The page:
Removing your rear wheel. I'm confused. You mention opening the quick release skewer but not opening the brake (though I think you implied it by mentioning loosening the cable). It can be very snug but generally your cable should be able to be loose enough to allow your wheel to squeeze through the brake calipers when open.

With no bike lane, I probably ride about 1.5 to 2 feet to the left of the edge of the lane.
 

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ok, lets see here...

basic things, stuff to bring are similar. You'll get less flats but a spare tube/patch kit lever and pump are a must. Allen wrench and chain tool are nice too. I like using a frame pump because of the reliablity vs. CO2.

What to avoid, cracks running your direction of travel. Your front wheel can get in there and get pinched sending you flying. Any change of surface going your direction, Just 1cm jump up might cause your tire to track along it.

Train tracks, allways take as close to perpendictular as possible. 45 deg. can spell disaster, 60 deg can if its wet

Most wheels can take a beating. Many of us will use the same rims for cyclecross. But i'd be cautious jumping curbs.

Line of travel... Around parked cars, give them 2' on your right. Look for heads of drivers and wheels turning toward the street. You look for the head of the driver because an opening door isn't any fun. 2' should give you enough time to dart another 1' into traffic and still be clear of both. You determine what is safe here. often the first 2' next to the curb is filled with glass. Glass is not your friend. But if/when you hit some use an open palm (wearing a glove) and wipe off your tires. For the front tire, put your hand on it in front of the break caliper and whipe away glass/gravel. Most punctures can be prevented like this. Glass takes a few turns to work through the tire and into the tube. On the rear, wipe the tire just behind the seat tube. You never want to wipe on the near side of the front caliper and the back side of the rear caliper. The wheel will pull your hand into the break and send you flying (i've seen it)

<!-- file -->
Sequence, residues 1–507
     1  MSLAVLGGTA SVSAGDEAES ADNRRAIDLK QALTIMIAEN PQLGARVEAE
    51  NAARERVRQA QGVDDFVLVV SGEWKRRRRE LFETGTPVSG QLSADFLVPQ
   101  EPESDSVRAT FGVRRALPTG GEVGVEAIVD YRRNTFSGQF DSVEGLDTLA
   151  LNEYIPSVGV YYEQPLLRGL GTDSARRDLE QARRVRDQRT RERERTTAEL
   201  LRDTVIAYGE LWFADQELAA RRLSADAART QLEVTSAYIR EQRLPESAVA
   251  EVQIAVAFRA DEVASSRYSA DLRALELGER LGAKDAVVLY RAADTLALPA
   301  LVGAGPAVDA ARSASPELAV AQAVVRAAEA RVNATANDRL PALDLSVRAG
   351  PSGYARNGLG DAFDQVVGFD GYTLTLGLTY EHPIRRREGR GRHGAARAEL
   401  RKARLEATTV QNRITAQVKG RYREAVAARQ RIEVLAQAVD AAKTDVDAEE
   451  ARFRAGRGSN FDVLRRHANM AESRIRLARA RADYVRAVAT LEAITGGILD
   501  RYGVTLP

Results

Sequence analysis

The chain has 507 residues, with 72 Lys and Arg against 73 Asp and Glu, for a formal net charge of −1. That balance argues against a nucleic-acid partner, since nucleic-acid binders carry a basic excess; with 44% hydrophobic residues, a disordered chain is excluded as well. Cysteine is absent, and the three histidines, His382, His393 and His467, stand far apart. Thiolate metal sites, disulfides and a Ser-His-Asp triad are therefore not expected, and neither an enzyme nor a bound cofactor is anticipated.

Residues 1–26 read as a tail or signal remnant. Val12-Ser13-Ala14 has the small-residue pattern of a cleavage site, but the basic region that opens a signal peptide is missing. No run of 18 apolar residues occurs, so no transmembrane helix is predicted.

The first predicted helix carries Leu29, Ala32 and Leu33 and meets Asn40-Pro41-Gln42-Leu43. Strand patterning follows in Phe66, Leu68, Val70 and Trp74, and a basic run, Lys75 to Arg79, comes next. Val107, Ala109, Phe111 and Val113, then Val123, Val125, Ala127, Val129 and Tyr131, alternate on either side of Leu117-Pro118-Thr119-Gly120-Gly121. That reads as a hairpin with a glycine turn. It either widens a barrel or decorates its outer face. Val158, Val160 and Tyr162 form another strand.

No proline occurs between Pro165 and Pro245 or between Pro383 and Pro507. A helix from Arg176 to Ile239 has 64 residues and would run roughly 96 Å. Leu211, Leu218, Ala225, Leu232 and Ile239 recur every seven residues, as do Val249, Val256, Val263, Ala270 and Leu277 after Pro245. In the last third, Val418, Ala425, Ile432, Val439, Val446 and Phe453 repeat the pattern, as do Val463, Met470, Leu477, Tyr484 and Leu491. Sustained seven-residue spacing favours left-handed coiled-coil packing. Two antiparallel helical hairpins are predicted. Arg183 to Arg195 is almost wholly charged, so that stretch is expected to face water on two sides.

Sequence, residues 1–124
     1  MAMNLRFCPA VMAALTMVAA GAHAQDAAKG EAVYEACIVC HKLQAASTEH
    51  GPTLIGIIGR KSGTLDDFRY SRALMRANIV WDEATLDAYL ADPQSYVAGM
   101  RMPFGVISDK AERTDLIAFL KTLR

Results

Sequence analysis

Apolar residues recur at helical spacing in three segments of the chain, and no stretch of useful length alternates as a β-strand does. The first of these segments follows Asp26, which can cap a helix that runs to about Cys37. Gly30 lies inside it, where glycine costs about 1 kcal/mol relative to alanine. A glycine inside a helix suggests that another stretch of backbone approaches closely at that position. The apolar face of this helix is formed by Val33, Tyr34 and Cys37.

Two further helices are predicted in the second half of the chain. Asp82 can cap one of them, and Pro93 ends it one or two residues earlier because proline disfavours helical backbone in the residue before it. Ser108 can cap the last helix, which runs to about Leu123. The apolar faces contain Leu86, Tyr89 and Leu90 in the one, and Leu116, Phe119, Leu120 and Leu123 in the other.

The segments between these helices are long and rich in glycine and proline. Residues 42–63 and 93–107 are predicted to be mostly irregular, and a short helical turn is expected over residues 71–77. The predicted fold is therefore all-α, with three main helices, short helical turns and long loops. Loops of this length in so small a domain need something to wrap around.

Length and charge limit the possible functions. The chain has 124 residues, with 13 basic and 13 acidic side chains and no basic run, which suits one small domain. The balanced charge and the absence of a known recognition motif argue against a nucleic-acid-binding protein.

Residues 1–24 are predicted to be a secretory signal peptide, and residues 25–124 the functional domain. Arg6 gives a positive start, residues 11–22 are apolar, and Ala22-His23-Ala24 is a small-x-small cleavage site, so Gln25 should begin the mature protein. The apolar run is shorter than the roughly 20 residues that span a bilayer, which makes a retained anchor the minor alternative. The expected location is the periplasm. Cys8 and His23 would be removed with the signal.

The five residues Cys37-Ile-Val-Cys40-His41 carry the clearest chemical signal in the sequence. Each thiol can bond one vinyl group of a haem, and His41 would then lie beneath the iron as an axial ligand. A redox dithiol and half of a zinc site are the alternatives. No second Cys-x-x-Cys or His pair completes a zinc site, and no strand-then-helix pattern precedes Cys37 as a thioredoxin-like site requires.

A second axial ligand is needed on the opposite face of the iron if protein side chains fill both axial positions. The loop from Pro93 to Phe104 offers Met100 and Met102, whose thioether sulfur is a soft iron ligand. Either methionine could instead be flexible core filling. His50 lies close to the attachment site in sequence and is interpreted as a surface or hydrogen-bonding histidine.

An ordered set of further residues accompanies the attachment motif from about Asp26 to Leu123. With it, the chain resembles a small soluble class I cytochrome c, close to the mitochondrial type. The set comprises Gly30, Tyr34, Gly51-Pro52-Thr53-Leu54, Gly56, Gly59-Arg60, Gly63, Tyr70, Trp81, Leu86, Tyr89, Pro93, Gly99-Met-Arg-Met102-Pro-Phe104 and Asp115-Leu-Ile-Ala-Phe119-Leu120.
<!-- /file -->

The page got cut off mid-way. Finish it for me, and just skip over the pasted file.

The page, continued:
Stay consistant. Don't keep moving to the curb and into the lane when parked cars come about. This confuses drivers behind you. Find your space and hold it. Use hand signals and stop at lights/signs. We are all stewards of our sport.

as for removing the rear wheel...
shift into the smallest cog (or close to it)